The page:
They were pretty basic questions like:

"Where did you travel from today?"
"How long have you been in Mexico?"
"What brought you here?" 
"What other cities did you travel to?"
"Do you have any passengers in the back?"
"Do you work? What's your occupation?"
"Where are you headed from here?"

I had originally taken a few photos waiting in line on the bridge over the Rio Grande river, but then I accidentally deleted them :/

I do have photos of our first United States checkpoint, however.
The border patrolman asked us if we could open the side door and the back doors. He walked around, looked inside, and knocked several times on the exterior of the van. 
And that was it! He asked for our passports and we were free to go.

We were now in Texas! It felt great (and a little strange) to be back in the states.
There was a significant decline in urban aesthetics once we crossed the border. I will say that much.
Once we were over state lines...
...we hit another border patrol checkpoint about 15 miles inland.
This time they utilized a German Shepherd dog sniffer (not pictured) in their efforts to uncover our non-existent drug stash.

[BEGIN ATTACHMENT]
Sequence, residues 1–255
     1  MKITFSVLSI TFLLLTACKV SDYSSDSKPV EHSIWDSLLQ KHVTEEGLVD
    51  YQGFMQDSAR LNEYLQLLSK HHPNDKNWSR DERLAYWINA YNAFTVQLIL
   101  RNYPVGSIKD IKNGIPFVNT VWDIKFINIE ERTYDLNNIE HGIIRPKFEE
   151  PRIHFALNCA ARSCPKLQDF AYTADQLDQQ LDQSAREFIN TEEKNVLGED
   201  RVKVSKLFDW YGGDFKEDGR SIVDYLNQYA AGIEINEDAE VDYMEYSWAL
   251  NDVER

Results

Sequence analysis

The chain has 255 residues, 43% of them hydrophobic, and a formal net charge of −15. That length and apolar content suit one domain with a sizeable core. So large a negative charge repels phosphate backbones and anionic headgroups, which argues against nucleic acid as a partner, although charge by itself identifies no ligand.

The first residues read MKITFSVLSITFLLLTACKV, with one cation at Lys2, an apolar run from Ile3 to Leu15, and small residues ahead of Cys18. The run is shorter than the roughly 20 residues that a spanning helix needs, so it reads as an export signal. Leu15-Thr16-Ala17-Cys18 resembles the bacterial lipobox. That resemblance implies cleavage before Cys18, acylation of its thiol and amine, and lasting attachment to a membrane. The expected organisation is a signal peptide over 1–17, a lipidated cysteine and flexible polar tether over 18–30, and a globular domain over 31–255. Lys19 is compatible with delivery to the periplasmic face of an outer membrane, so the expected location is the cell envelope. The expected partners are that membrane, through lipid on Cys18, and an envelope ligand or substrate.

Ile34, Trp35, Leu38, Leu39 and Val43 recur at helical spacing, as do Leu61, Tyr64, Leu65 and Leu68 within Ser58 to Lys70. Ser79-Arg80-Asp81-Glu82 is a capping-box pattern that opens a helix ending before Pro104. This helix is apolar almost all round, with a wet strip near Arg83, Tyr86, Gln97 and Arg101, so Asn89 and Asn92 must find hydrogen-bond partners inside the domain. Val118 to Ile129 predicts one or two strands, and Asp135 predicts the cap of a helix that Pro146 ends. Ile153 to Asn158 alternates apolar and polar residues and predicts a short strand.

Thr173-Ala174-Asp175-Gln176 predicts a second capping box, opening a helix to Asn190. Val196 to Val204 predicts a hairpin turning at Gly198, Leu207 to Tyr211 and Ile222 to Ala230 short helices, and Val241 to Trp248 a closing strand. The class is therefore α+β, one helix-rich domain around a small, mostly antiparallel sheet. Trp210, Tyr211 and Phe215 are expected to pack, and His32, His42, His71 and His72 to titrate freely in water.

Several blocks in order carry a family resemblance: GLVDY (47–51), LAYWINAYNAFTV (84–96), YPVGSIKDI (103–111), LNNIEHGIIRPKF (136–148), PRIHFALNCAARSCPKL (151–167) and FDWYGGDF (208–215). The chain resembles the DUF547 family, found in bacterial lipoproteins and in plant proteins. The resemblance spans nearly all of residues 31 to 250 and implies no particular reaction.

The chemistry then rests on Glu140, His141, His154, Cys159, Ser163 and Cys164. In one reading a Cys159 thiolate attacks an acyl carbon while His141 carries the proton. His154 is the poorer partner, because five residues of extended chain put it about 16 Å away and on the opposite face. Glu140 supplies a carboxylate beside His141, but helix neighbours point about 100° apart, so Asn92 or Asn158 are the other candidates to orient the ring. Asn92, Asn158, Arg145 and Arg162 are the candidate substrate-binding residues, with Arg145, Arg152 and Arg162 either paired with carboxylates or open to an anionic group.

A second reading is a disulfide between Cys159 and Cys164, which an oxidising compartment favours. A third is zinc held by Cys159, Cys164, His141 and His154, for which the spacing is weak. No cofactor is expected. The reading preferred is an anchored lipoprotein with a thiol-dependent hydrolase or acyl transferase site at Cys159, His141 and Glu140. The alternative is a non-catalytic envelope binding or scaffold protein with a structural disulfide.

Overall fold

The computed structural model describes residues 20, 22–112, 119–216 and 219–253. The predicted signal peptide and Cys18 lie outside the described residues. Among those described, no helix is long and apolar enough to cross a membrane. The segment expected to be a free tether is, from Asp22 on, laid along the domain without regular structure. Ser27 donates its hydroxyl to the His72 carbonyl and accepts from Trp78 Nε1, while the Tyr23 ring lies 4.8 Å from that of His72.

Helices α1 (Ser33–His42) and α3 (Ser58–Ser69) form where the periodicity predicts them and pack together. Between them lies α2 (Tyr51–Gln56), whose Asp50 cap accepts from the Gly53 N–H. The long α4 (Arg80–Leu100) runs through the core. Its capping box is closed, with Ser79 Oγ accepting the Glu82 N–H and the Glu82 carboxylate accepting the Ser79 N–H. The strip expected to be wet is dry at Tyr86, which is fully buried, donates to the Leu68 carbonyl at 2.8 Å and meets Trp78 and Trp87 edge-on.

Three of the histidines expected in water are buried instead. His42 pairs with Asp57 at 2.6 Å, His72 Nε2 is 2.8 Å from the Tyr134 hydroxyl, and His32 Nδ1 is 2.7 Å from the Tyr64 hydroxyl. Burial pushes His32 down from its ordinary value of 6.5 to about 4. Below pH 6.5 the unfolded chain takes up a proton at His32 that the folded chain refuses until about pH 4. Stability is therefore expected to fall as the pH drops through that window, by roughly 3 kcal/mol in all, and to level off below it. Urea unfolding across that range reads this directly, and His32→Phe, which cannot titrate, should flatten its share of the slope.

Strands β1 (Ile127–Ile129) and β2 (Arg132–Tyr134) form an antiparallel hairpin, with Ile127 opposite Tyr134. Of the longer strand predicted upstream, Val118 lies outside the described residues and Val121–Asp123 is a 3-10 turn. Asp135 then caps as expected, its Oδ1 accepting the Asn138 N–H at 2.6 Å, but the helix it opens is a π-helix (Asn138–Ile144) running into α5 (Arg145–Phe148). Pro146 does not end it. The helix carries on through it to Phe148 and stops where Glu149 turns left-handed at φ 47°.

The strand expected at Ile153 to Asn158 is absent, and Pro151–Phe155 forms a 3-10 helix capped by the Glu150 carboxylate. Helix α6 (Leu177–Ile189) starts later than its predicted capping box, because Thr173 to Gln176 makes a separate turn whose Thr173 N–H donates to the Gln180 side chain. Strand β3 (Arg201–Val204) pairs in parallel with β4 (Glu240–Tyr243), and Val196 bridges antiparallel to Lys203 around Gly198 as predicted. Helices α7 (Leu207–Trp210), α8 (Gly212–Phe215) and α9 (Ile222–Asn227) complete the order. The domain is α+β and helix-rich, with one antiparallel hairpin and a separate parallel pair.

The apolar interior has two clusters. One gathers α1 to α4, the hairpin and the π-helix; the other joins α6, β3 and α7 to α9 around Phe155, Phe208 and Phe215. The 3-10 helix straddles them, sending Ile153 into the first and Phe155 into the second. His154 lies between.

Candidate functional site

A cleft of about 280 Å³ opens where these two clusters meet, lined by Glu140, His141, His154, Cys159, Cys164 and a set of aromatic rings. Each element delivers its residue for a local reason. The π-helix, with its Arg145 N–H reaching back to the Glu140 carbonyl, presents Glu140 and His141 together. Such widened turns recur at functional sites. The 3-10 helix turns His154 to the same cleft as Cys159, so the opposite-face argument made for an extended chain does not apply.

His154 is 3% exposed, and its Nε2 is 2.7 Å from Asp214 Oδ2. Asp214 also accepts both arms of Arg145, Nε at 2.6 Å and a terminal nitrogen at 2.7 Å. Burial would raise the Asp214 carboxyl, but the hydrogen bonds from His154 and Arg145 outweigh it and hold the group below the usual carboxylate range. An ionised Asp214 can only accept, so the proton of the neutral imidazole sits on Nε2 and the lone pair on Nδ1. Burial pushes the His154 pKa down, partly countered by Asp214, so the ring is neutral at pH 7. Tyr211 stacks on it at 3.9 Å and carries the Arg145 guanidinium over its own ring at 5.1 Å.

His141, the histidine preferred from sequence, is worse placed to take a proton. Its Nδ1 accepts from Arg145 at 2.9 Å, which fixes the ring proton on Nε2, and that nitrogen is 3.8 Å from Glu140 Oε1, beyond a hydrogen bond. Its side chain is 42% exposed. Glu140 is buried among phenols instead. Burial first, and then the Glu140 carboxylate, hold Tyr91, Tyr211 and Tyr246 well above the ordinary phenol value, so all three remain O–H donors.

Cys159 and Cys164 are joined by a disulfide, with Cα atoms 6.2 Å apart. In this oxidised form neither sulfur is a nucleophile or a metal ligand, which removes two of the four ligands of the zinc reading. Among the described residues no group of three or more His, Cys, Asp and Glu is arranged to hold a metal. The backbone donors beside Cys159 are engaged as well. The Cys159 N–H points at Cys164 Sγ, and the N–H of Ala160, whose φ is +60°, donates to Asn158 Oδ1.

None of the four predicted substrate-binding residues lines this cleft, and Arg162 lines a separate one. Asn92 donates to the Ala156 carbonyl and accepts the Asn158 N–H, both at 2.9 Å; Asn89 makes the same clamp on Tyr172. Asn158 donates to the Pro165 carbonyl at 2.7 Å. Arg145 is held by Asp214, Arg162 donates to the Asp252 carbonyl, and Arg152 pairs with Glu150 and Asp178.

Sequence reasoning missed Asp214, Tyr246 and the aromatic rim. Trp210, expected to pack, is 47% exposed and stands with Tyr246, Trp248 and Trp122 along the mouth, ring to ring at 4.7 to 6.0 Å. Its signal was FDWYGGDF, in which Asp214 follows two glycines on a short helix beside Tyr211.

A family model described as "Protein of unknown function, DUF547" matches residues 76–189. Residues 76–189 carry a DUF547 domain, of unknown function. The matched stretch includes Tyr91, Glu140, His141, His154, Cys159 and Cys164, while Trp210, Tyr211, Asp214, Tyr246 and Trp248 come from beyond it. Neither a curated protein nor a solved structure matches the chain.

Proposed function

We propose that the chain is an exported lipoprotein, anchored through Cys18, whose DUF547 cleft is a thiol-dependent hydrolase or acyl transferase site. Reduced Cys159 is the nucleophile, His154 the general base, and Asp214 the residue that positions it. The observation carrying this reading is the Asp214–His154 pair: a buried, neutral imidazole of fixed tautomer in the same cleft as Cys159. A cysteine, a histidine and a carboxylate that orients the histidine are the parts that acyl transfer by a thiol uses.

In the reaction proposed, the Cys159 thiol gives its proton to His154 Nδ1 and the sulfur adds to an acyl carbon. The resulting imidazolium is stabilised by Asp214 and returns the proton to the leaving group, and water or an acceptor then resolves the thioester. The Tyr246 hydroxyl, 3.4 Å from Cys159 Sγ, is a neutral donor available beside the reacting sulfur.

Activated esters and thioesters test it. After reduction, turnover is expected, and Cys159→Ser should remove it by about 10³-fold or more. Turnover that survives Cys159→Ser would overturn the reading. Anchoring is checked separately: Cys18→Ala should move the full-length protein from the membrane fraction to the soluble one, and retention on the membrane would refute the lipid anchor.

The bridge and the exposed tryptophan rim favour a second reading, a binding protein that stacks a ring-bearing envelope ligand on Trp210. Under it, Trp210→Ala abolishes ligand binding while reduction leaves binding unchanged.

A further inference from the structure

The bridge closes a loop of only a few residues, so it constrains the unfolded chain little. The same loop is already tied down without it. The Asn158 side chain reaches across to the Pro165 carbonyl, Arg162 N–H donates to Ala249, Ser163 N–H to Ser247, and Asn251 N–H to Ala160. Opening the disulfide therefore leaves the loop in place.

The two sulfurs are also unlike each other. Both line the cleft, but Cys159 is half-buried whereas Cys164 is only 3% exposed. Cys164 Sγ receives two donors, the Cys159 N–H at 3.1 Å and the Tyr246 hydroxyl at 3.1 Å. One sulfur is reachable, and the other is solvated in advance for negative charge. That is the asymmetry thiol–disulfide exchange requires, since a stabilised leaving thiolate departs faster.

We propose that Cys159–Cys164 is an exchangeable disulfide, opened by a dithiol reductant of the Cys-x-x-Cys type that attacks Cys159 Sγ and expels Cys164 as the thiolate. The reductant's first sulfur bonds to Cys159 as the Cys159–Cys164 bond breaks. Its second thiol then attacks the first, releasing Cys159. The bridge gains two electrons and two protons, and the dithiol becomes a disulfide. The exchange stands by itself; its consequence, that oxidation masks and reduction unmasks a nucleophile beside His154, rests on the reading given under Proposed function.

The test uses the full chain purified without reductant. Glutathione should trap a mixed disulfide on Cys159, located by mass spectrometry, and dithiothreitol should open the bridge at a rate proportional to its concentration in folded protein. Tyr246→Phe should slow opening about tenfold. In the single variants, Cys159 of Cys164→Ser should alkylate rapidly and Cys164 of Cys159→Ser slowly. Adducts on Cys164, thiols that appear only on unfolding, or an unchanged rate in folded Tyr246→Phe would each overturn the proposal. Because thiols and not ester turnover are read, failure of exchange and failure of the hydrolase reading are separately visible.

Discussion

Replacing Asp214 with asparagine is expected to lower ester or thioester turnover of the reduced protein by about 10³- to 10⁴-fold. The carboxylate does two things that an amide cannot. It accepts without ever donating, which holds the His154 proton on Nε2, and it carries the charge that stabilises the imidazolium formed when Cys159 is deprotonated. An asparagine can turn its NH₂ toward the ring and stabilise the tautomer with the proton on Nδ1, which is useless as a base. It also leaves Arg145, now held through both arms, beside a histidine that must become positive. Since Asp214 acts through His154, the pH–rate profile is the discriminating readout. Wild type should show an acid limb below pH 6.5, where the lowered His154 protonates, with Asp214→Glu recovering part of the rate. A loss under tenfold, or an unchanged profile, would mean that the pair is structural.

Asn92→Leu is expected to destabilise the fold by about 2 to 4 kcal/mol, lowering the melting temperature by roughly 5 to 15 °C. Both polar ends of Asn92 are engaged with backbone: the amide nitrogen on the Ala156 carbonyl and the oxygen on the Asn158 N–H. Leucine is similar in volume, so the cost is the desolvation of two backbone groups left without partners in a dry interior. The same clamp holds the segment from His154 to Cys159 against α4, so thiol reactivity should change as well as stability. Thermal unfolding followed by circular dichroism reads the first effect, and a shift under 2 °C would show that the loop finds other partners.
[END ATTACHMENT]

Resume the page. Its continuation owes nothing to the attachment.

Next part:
From there it took us about two more hours to get to our next destination: 
San Antonio, TX.
These are some photos from the San Antonio River Walk
Both Evan and I had been to San Antonio before. He was here a few years ago on a business trip for a prior job unrelated to translating. I traveled here when I was 16 years old for a softball tournament. It was nice to revisit. The jasmine blossoms were out in full swing (along with the humidity). It smelled heavenly. There was also a San Antonio annual tradition going on the week we arrived. The entire city was preparing for Fiesta - a 10-day celebration, which originally began in honor of the heroes that fought in the Alamo and San Jacinto. Over the years, Fiesta has evolved and is now referred to as "The party with a purpose" bringing together non-profit organizations and holding events of all kinds - music, sports, pageantry, parades, and more. Read about the history of San Antonio Fiesta here. Evan and I didn't hang around long enough to check out any of the events because we were too eager to get to our next stop: Austin, TX!

We did spend one day there before we left, however. We woke up and, as usual, sought out a wifi cafe. I forget the name of this coffeehouse, but we ordered a small fruit cup and some tea. It was so nice to be able to communicate in english once again. Wow. 
After that we went to the nearest grocery store - it was more convenient than driving across town to the Whole Foods Market. This grocery store was called HEB and I'm assuming it's a state-wide Texas chain. I've never seen them anywhere else.
Their organic section.
This is the type of squash they have in Mexico. I was calling them zucchinis the whole time (which is also a squash), but it's actually calabaza squash.